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  • Background

    Title VII of the Civil Rights Act of 1964 prohibits employment discrimination based on race, color, sex, religion, or national origin. In 1980, the Equal Employment Opportunity Commission (EEOC) ruled that sexual harassment is a form of sex discrimination prohibited by Title VII of the Civil Rights Act and in 1986, the Supreme Court, in Meritor Savings Bank v. Vinson, ruled that sexual harassment can be considered sex discrimination prohibited by Title VII. With this ruling, the court determined that speech in itself can create a hostile environment which violates the law. The Civil Rights Act of 1991 modified Title VII to add more protection against discrimination in the workplace and allows harassment and discrimination plaintiffs the right to a jury trial in federal court.

    In May of 2018, the AAO published its policy that prohibits sexual harassment by staff, leaders, members and others attending Academy-sponsored events. Therefore, the Ethics Committee of the American Academy of Ophthalmology has determined there is sufficient precedent for a Rule of Ethics defining harassment and discrimination and its negative effects on patient care. The Academy Board of Trustees agreed, and in February 2019 approved a proposed Rule of Ethics 18. The Rule was approved by the membership in December 2019 and went into effect January 1, 2020. The Rule is as follows:


    Rule of Ethics 18.

    Harassment and Discrimination. Harassment and discrimination in the practice of ophthalmology are unethical. The ethical practice of ophthalmology creates and fosters an environment in which patients and all members of the health care team, including those in training, are treated with respect and tolerance. Harassment and discrimination of all types are likely to jeopardize patient care, exploit inequalities in status or power, and abuse the trust placed in us as ophthalmologists. Therefore, discrimination, harassment, or creation of a hostile working environment on the basis of personal attributes, including but not limited to sex, gender identity, sexual preference, race, disease, disability, age, or religion, is inconsistent with the ideals and principles of ethics in ophthalmology.


    What is Harassment and Discrimination?

    The Office of the Equal Employment Opportunity Commission states that sexual harassment is a form of sex discrimination that violates Title VII of the Civil Rights Act of 1964. Unwelcome sexual advances, requests for sexual favors, and other verbal or physical conduct of a sexual nature constitute sexual harassment when this conduct explicitly or implicitly affects an individual's employment, unreasonably interferes with an individual's work performance, or creates an intimidating, hostile, or offensive work environment. Title VII also protects individuals against employment discrimination on the basis of race and color as well as national origin, sex, or religion. It is unlawful to discriminate against any employee or applicant for employment because of race or color in regard to hiring, termination, promotion, compensation, job training, or any other term, condition, or privilege of employment. Title VII also prohibits employment decisions based on stereotypes and assumptions about abilities, traits, or the performance of individuals of certain racial groups. The American Academy of Ophthalmology believes that harassment and discrimination, as defined by Title VII, violate the Academy’s policy statement on diversity and are antithetical to its mission statement to “protect sight and empower lives by serving as an advocate for patients and the public, leading ophthalmic education, and advancing the profession of ophthalmology”.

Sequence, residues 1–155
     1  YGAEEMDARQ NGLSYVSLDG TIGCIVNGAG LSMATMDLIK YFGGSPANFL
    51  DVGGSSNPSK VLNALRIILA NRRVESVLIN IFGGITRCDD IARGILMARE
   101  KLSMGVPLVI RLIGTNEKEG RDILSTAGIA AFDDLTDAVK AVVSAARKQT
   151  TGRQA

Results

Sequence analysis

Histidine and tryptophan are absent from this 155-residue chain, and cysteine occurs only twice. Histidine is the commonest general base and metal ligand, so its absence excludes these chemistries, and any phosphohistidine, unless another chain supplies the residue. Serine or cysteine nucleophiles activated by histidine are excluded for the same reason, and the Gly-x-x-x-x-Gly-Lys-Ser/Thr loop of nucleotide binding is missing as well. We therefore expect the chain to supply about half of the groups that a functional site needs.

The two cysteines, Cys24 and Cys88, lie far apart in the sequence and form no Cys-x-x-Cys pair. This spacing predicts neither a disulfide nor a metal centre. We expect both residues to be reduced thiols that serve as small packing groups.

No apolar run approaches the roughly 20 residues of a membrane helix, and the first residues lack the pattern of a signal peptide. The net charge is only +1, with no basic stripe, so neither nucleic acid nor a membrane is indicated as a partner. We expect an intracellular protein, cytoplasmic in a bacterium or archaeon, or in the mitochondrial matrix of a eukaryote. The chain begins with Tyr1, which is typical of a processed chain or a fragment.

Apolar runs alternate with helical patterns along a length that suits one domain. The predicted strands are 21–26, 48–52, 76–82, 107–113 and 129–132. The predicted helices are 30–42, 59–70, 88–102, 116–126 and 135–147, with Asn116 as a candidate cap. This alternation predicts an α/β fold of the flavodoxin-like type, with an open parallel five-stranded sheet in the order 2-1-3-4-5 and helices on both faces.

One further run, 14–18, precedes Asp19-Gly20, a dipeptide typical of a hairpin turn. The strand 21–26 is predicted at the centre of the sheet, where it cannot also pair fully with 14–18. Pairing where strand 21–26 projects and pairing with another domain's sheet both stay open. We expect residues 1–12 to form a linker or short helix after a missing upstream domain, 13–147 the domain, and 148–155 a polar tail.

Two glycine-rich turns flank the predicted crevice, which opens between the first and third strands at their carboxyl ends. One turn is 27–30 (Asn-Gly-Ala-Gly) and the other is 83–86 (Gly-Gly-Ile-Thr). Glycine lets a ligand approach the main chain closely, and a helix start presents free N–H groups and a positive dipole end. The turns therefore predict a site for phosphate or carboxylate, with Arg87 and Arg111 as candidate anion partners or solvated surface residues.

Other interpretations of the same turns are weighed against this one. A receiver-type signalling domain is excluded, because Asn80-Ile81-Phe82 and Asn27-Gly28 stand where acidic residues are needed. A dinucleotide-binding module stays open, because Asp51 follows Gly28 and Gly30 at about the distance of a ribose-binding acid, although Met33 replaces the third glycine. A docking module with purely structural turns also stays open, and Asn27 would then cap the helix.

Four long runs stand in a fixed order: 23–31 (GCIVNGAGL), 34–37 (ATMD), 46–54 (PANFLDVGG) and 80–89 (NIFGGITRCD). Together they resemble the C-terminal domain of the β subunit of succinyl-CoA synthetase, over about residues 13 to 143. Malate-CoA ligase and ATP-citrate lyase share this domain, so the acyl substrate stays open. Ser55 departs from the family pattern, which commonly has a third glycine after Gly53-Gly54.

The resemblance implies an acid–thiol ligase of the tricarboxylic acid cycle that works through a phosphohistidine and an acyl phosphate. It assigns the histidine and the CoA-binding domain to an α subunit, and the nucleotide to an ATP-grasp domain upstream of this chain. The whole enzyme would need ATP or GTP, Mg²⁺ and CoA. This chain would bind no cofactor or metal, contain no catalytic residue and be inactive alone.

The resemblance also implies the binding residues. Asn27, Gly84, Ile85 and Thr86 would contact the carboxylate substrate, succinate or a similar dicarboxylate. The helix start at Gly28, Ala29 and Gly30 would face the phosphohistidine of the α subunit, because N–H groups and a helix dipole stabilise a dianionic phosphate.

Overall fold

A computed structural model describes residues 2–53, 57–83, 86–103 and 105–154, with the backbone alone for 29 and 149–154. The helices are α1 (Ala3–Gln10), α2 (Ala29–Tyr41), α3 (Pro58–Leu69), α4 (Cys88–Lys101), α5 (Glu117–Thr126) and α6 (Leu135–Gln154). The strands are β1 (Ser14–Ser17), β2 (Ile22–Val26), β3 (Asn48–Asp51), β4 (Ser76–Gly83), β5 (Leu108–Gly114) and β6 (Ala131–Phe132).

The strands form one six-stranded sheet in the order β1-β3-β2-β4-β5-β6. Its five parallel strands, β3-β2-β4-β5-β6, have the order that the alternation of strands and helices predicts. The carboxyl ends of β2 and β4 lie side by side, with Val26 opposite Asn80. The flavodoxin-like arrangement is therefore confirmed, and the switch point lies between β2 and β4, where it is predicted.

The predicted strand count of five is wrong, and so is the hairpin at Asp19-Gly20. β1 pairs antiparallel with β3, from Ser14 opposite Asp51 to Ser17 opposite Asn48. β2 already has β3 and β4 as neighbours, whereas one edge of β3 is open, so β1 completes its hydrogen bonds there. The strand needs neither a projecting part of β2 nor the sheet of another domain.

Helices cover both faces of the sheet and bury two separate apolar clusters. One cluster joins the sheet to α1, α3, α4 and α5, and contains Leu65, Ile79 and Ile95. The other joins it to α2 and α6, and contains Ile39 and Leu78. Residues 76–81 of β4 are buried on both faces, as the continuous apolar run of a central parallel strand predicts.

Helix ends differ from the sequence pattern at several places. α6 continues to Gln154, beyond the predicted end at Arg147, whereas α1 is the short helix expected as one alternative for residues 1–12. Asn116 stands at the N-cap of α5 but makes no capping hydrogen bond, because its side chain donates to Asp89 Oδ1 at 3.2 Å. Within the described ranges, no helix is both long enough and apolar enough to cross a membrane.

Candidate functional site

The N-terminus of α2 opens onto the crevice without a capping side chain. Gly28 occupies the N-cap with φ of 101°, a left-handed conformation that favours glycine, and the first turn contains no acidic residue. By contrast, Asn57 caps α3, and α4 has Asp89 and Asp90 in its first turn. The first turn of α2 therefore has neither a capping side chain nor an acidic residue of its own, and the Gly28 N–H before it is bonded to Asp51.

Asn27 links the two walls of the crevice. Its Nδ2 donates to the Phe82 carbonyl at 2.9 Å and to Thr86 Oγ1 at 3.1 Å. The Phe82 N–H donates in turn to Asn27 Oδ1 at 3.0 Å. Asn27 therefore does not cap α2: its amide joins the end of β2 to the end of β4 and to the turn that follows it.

Limitations of the Rule and the Submission Process

    The Academy does not have the resources to undertake a hearing in every Rule 18 challenge. The Ethics Committee lacks subpoena power and cannot compel witnesses to testify; thus, we may not be able to resolve all challenges. Therefore, the Ethics Committee carefully screens each challenge and reserves the authority to decline or dismiss Rule 18 challenges in which we are unable to obtain evidence sufficient to resolve the challenge. Prior to submitting an ethics challenge, individuals should pursue available remedies such as the Equal Employment Opportunity Commission (EEOC), academic or institutional review committees (e.g., hospital review boards, credentialing review committees, or medical staff review boards), state medical boards, and other available entities.

    AAO members are encouraged to pursue legal avenues of resolution in a timely manner to avoid filing cases outside of relevant statutes of limitations.

    Absent extraordinary circumstances, the Ethics Committee will hold all potentially valid and actionable challenges in abeyance until pending legal proceedings and all possibilities for appeal have ended. The Ethics Committee cannot review challenges concerning events occurring prior to the implementation of Rule 18. Moreover, even if presented with a finding of “guilt” or “probable cause” by another entity, per the Code of Ethics, the challenged member still has the right to present his/her defense to the Ethics Committee. A “ruling” by another entity will not, in and of itself, be determinative of the Ethics Committee decisions concerning any harassment or discrimination challenge.



    Inquiries or challenges on this topic or others relating to Rules of the Code of Ethics may be submitted to:

    Ethics Committee
    American Academy of Ophthalmology
    655 Beach Street
    San Francisco, CA, 94109

    For the full text of the Code of Ethics, visit

    For information about submissions to the Ethics Committee and for the downloadable submission form, use this link:

    General questions may be posed to the Ethics Committee via

    Rule 18 is effective January 1, 2020.